ROCKLAND – Lab results from testing conducted in August by a residents’ group indicate that formaldehyde levels are elevated in the neighborhood around the local train station.
Exposure to formaldehyde, a byproduct of locomotive diesel emissions, is believed to cause cancer of the lungs, sinuses and nose in humans. Formaldehyde is regulated as a carcinogen by the Occupational Safety and Health Administration and the Environmental Protection Agency.
According to the results received from an independent laboratory in California, the neighborhood’s formaldehyde exposure measured 5.42 parts per billion, which is 43 times greater than the EPA’s Region 6 screening level of 0.125 ppb, said Sandra Schramm, spokesman for the residents’ group Clean Air for Rockland, which ordered the tests.
Columbia Analytical Services of California conducted the tests during a 72-hour period Aug. 22-25, Schramm said. A badge used to collect the presence of formaldehyde in the air was positioned at locomotive stack height just outside windows of some of the homes along the train route near the station.
Clean Air for Rockland has voiced concern for two years about the diesel fumes released by locomotives idling at the downtown railroad station. The railroad seasonally runs daily excursion trains between Rockland and Brunswick and keeps its locomotives at idle while boarding passengers.
Residents have said that Maine Eastern Railroad is creating a public health problem. They have called on Rockland city officials, the Maine Department of Transportation and Gov. John Baldacci to take corrective action. The neighbors have pressed the railroad relocate its passenger services to its Park Street rail yard, a half-mile away. The railroad has refused that request.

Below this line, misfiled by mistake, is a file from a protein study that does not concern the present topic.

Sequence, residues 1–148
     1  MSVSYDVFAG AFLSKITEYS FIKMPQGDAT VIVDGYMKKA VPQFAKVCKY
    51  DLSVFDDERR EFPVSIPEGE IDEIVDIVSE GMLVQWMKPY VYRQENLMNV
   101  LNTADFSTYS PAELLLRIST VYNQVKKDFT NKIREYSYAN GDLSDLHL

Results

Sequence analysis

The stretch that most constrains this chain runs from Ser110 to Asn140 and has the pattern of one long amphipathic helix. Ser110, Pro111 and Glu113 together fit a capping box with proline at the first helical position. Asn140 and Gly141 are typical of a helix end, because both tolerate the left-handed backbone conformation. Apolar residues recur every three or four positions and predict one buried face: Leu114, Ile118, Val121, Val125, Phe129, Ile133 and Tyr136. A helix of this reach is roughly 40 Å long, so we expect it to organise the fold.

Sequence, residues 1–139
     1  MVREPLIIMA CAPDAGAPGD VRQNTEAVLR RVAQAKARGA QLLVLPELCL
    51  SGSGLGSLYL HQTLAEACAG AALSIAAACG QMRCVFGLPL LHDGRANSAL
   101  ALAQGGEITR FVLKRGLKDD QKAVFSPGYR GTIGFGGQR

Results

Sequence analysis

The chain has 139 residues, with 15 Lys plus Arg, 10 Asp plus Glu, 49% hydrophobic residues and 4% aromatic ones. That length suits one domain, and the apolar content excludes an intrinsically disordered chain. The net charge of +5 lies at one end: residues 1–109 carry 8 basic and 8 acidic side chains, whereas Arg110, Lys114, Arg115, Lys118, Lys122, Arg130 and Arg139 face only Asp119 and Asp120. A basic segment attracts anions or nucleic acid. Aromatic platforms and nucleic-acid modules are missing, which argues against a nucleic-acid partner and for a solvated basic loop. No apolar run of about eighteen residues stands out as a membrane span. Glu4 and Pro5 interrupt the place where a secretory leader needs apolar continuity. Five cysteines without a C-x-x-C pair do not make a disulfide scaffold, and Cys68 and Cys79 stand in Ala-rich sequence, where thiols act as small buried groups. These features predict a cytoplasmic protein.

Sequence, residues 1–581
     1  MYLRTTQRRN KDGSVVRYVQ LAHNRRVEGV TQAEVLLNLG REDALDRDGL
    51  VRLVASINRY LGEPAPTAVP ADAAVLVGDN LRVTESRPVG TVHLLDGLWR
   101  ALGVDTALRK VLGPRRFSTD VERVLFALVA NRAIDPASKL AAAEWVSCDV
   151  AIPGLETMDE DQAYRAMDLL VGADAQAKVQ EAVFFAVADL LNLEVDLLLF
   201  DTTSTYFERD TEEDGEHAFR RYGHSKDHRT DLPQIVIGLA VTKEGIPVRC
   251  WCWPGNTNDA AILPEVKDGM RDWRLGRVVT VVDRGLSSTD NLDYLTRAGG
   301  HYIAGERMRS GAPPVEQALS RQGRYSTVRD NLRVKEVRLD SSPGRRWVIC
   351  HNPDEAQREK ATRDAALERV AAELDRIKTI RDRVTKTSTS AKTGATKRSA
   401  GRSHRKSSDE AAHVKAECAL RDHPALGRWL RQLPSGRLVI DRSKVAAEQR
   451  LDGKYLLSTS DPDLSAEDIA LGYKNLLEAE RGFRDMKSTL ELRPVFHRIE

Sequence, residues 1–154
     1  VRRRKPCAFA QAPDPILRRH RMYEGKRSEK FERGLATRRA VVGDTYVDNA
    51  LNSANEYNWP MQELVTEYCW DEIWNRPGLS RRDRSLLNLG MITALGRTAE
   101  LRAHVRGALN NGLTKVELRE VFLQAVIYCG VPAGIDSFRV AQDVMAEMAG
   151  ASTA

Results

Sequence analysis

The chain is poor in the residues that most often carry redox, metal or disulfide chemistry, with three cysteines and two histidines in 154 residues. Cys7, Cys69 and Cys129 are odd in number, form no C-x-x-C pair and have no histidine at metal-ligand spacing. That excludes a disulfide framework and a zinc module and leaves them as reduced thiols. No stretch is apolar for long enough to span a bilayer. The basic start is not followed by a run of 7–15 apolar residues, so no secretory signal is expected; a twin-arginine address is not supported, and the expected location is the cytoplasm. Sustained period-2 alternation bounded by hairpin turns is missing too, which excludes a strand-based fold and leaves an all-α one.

“This is the first time the existence of formaldehyde has been raised as an issue,” Gordon Page of Maine Eastern Railroad said Tuesday of the test results.
Page said the railroad has volunteered answers to help solve the emissions problem by setting up shore power, similar to power used by ships in the harbor, cutting idling time, reducing the glare from the lights at the station, and reducing the noise from generators.
The railroad on Oct. 1 switched to the new ultralow-sulfur diesel, purported to burn more cleanly and reduce air pollution, Page said.
Denny Larson of the Global Community Monitor, a California-based activist group involved in the testing, said Tuesday the health risks from many of the toxic chemicals, including formaldehyde, will not be reduced by the new fuel, only the sulfur emissions. In addition, small particles emitted by burning diesel fuel are a major health risk, he said.
“These first results from community toxics testing demonstrate the validity of the long-standing concerns of the Rockland train neighbors,” said Larson.
The tests were analyzed by Columbia Analytical Services from a formaldehyde test badge provided by Columbia through Toxics Action of Maine. The tests were analyzed for formaldehyde according to EPA Method TO-11A, using high performance liquid chromatography, a process of analyzing molecules.
Columbia Analytical Services Inc. is certified by the departments of health services in California, Arizona, Florida, New Jersey, New York and Oregon, the American Hygiene Association Laboratory and the U.S. Navy.
According to the California Department of Health, repeated exposure to formaldehyde can cause allergic asthma. Symptoms of asthma include chest tightness, shortness of breathe, wheezing and coughing. Formaldehyde exposure also triggers eye, nose and throat irritations at vapor levels as low as about 0.3 parts per million.
The exposure can cause red, teary, burning eyes, sneezing, coughing and sore throat, Larson said. Some people have irritant symptoms at these low-level exposures, while others can tolerate levels as high as a few parts per million with little or no reaction, he added.
The Maine Department of Environmental Protection in August tested emissions from one locomotive for plume opacity. Two inspectors on Aug. 20 and 22 tested one locomotive for one hour each day and determined that no visible emissions were coming from the stack of the locomotive belonging to Maine Eastern Railroad.
Plume opacity is measured in percentages; the greater the opacity, the more the background behind the plume is obscured and the less light can come through, according to the DEP.
Meanwhile, the Rockland City Council has tabled until Oct. 22 a health ordinance proposed by City Councilor Carol Maines that would establish local pollution control regulations based on stronger EPA emission standards currently under consideration.